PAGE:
Community members should be actively engaged in local priority setting, particularly in determining how services are delivered. There are a number of different ways to solicit input from communities including community committees, conversations with community members during outreach, and engagement with specific special interest groups. More information on community engagement can be found in the Community Engagement module.

Which community groups are invited to engage in local priority setting activities?

Given the numerous ways to engage communities, it is important to ensure that all segments of the population are given a voice in local priority setting, particularly those who may be historically under-represented or marginalized.

Suggested citation: “Population Health Management: Local Priority Setting.” Improvement Strategies. Primary Health Care Performance Initiative, 2018, https://improvingphc.org/improvement-strategies/population-health-manage.... Accessed [insert date].

What elements should be in place to support effective improvements?

In order for interventions aimed at improving empanelment to be most successful, the following elements of the PHCPI Conceptual Framework should be in place or pursued simultaneously:

  • While many aspects of population health management depend on local or clinic-level decisions and resources, national policies that are supportive of a population health management approach will aid decision making and service delivery. For instance, national priority setting exercises that allow flexibility and encourage adaptation at a local level will better serve the needs of heterogeneous populations within a given country.

  • Successful local priority setting depends on information systems with broad, fundamental capacities to collect and track indicators that influence adaptation to local priorities. For instance, during monthly household visits, community health agents in Brazil collect individual and household-level data to keep updated vital registers and data on burden of disease and health needs.10 Similarly, in Costa Rica, data feedback loops and efficient communication of information enable the development of targeted action plans and management contracts, targeting the specific health needs of the population.7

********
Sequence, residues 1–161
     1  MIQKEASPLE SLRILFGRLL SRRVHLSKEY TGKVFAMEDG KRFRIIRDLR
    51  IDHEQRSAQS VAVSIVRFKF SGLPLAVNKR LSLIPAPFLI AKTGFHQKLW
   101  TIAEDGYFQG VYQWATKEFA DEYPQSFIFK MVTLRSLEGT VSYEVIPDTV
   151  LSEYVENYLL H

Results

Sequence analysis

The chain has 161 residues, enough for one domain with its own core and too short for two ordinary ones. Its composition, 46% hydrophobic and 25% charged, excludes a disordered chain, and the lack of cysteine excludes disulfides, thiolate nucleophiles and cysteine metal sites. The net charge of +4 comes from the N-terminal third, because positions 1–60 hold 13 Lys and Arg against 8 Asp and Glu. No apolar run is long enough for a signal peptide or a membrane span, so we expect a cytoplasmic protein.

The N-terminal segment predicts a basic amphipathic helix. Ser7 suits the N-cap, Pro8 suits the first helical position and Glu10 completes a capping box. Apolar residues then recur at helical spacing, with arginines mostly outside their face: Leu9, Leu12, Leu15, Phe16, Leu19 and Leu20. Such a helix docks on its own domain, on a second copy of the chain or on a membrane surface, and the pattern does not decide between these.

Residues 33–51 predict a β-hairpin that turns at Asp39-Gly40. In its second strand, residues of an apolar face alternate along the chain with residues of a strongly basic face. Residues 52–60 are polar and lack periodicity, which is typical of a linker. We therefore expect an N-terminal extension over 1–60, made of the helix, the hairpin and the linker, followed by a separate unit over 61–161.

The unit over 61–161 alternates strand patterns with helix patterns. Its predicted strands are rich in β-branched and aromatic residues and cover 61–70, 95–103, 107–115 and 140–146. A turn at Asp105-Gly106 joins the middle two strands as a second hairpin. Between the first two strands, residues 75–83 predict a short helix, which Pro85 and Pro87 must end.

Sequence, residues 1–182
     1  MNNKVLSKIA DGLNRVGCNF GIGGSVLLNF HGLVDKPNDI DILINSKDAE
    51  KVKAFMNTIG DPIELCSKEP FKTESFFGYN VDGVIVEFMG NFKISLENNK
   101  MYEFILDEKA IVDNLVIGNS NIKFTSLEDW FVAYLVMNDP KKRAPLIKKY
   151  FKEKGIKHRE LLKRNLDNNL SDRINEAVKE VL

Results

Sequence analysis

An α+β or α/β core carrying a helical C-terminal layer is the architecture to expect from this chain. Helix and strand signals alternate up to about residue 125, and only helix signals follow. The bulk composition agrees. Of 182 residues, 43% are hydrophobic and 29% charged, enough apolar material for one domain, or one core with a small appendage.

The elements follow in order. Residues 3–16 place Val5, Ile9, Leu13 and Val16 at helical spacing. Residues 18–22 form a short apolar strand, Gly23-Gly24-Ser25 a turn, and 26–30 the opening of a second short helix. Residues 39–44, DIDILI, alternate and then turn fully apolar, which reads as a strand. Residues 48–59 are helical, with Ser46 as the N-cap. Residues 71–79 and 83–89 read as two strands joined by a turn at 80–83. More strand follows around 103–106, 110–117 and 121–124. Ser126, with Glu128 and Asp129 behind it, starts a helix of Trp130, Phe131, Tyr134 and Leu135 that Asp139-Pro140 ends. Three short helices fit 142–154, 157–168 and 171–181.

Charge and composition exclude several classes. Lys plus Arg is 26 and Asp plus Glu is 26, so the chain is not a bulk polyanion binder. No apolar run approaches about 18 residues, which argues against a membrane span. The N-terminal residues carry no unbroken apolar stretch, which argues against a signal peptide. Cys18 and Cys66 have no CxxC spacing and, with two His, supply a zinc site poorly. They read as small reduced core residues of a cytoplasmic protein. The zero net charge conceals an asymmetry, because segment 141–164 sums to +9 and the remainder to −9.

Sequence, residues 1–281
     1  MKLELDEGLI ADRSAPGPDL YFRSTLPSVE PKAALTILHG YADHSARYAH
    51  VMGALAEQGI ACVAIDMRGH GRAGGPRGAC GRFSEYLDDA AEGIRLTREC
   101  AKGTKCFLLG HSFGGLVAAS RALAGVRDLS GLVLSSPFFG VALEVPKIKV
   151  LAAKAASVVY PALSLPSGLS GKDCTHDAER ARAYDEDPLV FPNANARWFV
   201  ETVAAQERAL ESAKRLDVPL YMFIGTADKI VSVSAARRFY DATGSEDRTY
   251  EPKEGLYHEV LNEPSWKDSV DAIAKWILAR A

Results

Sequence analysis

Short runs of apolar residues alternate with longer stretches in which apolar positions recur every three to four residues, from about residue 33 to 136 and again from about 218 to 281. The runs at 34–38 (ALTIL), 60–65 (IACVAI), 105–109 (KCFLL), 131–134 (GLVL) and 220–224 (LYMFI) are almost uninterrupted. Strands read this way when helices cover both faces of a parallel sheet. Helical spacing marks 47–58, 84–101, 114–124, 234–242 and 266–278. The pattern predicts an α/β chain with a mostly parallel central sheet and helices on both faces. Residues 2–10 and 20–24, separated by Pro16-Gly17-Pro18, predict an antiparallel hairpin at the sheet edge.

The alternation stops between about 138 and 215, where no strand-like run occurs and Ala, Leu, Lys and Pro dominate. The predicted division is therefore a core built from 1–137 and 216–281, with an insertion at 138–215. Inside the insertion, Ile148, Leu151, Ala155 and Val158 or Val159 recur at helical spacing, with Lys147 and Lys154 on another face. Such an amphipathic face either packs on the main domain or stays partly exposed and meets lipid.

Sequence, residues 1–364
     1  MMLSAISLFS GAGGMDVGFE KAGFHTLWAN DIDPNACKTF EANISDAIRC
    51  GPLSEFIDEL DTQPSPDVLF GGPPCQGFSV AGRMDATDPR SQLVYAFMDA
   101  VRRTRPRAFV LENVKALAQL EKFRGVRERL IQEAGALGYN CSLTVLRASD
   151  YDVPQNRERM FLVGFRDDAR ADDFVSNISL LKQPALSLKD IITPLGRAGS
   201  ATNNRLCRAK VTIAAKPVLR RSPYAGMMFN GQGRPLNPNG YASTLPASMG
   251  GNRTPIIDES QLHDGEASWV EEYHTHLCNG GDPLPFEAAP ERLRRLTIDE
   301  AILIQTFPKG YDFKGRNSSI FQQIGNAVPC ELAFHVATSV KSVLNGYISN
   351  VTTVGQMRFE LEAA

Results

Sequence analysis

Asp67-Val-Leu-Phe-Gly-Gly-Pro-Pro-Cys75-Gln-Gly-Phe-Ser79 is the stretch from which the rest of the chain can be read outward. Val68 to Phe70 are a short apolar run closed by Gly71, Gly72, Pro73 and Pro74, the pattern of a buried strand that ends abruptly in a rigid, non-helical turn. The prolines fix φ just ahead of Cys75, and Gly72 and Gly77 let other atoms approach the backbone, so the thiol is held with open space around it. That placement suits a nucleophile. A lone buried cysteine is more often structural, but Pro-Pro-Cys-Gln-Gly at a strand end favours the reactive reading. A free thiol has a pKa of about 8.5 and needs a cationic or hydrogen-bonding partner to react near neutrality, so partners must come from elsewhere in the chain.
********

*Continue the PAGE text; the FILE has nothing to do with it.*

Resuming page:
Suggested citation: “Population Health Management: Local Priority Setting.” Improvement Strategies. Primary Health Care Performance Initiative, 2018, https://improvingphc.org/improvement-strategies/population-health-manage.... Accessed [insert date].

References:

  1. Mcdonald J, Ollerenshaw A. Priority setting in primary health care: A framework for local catchments. Rural Remote Health. 2011;11(2):1–11.
  2. Kapiriri L, Norheim O. Criteria for priority setting in health interventions in Uganda. exploration of stakeholders’ values. Bull World Heal Organ. 2004;82(03):172–9.
  3. Mshana S, Shemilu H, Ndawi B, Momburi R, Olsen OE, Byskov J, et al. What do District Health Planners in Tanzania think about improving priority setting using “Accountability for Reasonableness”? BMC Health Serv Res [Internet]. 2007;7(1):180. Available from: http://bmchealthservres.biomedcentral.com/articles/10.1186/1472-6963-7-180
  4. Kamuzora P, Maluka S, Ndawi B, Byskov J, Hurtig AK. Promoting community participation in priority setting in district health systems: experiences from Mbarali district, Tanzania. Glob Health Action. 2013;6:22669.
  5. Kapiriri L, Norheim OF, Heggenhougen K. Using burden of disease information for health planning in developing countries: the experience from Uganda. Soc Sci Med. 2003;56(12):2433–41.
  6. Fausto MCR, Giovanella L, de Mendonca MHM, de Almeida PF, Escorel S, de Andrade CLT, et al. The work of community health workers in major cities in Brazil: mediation, community action, and health care. J Ambul Care Manage. 2011;34(4):339–53.
  7. Pesec M, Ratcliffe HL, Karlage A, Hirschhorn LR, Gawande A, Bitton A. Primary Health Care That Works: The Costa Rican Experience. Health Aff (Millwood). 2017 Mar;36(3):531–8.
  8. Pesec M, Ratcliffe HL, Karlage A, Hirschhorn LR, Gawande A, Bitton A. Primary health care that works: The Costa Rican experience. Health Aff. 2017;36(3):531–8.
  9. Morrison J, Tamang S, Mesko N, Osrin D, Shrestha B, Manandhar M, et al. Women’s health groups to improve perinatal care in rural Nepal. BMC Pregnancy Childbirth [Internet]. 2005;5(1):6. Available from: http://bmcpregnancychildbirth.biomedcentral.com/articles/10.1186/1471-2393-5-6
  10. Macinko J, Harris MJ. Brazil’s family health strategy--delivering community-based primary care in a universal health system. N Engl J Med. 2015 Jun;372(23):2177–81.